Oil prices fell on Friday as more supply came back online in the U.S. Gulf of Mexico following two hurricanes, but both benchmark contracts are on track to post weekly gains of around 4% as the recovery in output is seen lagging demand.
“Oil prices are slightly softer as offshore U.S. production continues to slowly return and as return of normal across large parts of Asia hit some road bumps and as some countries still struggle to contain the delta variant spread. Crude prices are having another good week despite broad weakness across commodities that stemmed from a resilient U.S. dollar.” Edward Moya, senior market analyst at OANDA.
Both contracts were on course to climb nearly 4% for the week as output in the U.S. Gulf of Mexico has recovered more slowly than expected after Hurricane Ida damaged facilities in August and tropical storm Nicholas hit this week.
The dollar climbed to a three-week high on Friday, making dollar-traded crude imports more expensive for countries using other currencies.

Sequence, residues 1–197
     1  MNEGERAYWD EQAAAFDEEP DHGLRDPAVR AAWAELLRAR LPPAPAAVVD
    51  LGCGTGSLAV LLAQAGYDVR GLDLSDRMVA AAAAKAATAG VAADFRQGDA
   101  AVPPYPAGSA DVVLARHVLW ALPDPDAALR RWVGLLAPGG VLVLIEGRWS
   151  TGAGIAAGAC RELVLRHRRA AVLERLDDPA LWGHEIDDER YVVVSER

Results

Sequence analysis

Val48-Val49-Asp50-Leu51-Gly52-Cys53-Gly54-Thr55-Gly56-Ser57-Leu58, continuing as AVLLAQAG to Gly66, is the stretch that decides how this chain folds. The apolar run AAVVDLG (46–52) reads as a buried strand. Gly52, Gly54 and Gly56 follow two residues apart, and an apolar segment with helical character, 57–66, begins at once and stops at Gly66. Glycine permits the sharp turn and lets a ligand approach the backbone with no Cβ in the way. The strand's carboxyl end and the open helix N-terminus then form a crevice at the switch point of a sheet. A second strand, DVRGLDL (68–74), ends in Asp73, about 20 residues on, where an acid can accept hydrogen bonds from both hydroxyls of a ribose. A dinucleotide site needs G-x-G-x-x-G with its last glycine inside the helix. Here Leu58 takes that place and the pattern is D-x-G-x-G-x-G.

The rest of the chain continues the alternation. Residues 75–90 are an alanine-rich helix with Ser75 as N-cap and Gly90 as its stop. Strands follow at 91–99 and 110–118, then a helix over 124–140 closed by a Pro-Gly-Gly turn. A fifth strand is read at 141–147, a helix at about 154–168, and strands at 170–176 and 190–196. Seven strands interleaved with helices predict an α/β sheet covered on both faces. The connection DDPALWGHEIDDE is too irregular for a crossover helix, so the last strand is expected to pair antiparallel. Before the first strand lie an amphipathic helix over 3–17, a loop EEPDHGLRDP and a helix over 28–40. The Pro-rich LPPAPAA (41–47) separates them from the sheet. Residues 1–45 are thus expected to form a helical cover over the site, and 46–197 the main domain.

As of Thursday, about 28% of U.S. Gulf of Mexico crude production remained offline, two-and-a-half weeks after Hurricane Ida hit.
“It’s still taking longer than people thought in terms of that coming back. That’s been a supportive factor in the market. We’re going to go into more (supply) deficit conditions – that certainly seems to be the view.” Commonwealth Bank commodities analyst Vivek Dhar.
Preliminary data from the U.S. Energy Information Administration showed U.S. crude exports in September have slipped to between 2.34 million BPD and 2.62 million BPD from 3 million BPD in late August.
The analyst also pointed to data from the International Energy Agency this week showing OECD oil inventories falling to a low in November, as the recovery in fuel demand is expected to outpace supply.
The risk of weakened demand in Southeast Asia has abated as COVID-19 cases appear to have peaked in countries like Indonesia, Malaysia and Thailand.